Sherri L Smith, FLYGIRL

An engaging historical YA about a black girl from 1940s Louisiana, Ida Mae Jones, who's light-skinned enough to pass for white and who learned how to fly a crop-duster from her father. After Pearl Harbor, when the Americans join the war, she wants to apply for the WASP (Women Airforce Service Pilots), ferrying and testing aircraft. But she has to pass not only her qualifying pilot tests in the very Jim Crow town of Sweetwater, Texas but also the "white" test and the "woman" test (in a wholly male Army). Some clumsy bits early on, with scenes that feel a bit inserted to "show" the conflict between her old life and new, vis-a-vis a black boy she knew in school and her best friend Jolene, who is too black to pass. But once Ida Mae reaches Sweetwater, Texas, the story rolls out wonderfully, with Ida Mae courageously trying to found her identity on what she does (fly) rather than her skin color.

Wednesday, July 20, 2011


An historical novel about a 19-year-old female "horse whisperer" named Martha Lessen during WWI, who creates a circuit for herself of twelve horses that need to be "broke" among a group of farms in Oregon--but she does it the good way. It's a coming-of-age story, about a young woman finding her somewhat unconventional place in the world, and a romance (with both horses and a man named Henry), but I loved best how some of the minor characters are so well sketched, how Gloss captures voices. She has a wonderful, sometimes wry, turn of phrase, sometimes for the narrator (it's told in 3rd person) and sometimes to give us an immediate feel for her characters. "There was turnip and carrot in the soup, and a chicken may have run through the pot on its way to somewhere else, or more likely this was one of the meatless days that had become patriotic in the last few months." And Louise (whose husband first gives Martha a job): "Well my goodness, I have a sister and a cousin both named Martha, so that's a name will come easy to my lips." An enjoyable read, especially for those who love horses, and clean enough for tweens and up, I think. Gloss's earlier book THE JUMP-OFF CREEK was a finalist for PEN/Faulkner, and I liked this one enough that I'll go find it.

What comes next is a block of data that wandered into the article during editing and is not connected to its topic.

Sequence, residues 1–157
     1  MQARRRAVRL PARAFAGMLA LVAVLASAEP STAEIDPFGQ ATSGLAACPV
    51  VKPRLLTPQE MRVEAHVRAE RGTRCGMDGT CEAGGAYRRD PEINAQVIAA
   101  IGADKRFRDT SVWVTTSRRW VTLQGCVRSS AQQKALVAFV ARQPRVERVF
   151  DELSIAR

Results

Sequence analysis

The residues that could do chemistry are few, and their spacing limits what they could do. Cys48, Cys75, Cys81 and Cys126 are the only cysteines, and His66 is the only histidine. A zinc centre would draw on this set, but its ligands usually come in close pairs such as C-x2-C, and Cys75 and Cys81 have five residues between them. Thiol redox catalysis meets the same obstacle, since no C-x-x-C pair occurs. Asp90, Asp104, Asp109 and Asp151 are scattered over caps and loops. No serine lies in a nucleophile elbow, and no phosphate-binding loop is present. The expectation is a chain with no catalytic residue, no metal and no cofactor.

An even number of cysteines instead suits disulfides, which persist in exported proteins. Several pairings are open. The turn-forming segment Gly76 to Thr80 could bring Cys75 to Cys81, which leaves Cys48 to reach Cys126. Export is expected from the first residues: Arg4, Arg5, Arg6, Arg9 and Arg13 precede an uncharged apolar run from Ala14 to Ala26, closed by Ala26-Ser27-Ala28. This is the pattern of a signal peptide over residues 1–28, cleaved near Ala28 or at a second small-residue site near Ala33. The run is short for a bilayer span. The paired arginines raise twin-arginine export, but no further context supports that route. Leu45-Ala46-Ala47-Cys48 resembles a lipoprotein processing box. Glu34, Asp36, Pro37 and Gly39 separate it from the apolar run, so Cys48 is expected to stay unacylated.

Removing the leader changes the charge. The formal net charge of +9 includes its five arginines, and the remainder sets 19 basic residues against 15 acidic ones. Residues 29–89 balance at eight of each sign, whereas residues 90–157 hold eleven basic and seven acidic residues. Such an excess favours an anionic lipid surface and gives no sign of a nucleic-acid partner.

Sunday, July 17, 2011

Chris Bohjalian, SECRETS OF EDEN

A literary murder mystery, set in a Vermont small town, in which George strangles and Alice and then kills himself with a gun (or so it seems). The story is told from the points of view of the Baptist pastor of the town (Stephen Drew), the investigator (Catherine), Stephen's new girlfriend who writes about angels (Heather) and whose parents enacted a similar murder/suicide drama, and Katie, the daughter of Alice and George who tells the truth at last. It's well-written and suspenseful; each of the four voices sounds different. (So often multiple points of view sound too much alike.) My only gripe is that Catherine felt like a "stereotypical" woman investigator, tough-talking, sensitive underneath, and willfully wrong about what really happened. But a good read.